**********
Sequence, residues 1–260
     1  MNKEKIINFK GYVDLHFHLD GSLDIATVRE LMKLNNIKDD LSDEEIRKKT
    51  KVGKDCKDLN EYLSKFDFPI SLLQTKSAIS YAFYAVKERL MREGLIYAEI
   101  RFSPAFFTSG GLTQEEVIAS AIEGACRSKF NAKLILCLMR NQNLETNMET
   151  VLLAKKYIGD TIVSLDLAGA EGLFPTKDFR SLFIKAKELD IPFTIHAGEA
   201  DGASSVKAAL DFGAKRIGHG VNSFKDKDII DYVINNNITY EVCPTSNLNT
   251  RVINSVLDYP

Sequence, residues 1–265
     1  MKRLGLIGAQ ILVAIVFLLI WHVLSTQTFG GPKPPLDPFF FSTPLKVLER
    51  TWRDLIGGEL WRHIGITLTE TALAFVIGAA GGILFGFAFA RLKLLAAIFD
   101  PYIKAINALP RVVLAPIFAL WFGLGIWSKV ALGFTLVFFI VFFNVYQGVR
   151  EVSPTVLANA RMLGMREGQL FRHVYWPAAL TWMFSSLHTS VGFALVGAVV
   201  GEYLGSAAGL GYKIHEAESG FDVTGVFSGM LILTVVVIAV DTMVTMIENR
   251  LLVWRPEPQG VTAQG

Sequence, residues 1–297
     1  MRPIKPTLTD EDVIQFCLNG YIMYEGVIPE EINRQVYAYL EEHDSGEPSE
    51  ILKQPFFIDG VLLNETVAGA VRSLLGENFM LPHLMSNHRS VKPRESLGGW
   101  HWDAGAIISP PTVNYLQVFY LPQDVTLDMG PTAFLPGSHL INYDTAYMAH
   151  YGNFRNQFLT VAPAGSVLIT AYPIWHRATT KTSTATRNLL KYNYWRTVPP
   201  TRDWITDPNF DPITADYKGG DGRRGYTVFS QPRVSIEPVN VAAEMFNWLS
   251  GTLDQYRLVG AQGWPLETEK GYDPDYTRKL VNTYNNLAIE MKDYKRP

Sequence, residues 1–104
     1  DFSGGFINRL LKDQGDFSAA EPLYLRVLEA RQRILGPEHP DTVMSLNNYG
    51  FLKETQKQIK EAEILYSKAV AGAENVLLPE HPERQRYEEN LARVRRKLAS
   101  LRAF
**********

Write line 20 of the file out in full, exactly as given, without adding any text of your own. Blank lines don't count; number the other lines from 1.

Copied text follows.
   201  TRDWITDPNF DPITADYKGG DGRRGYTVFS QPRVSIEPVN VAAEMFNWLS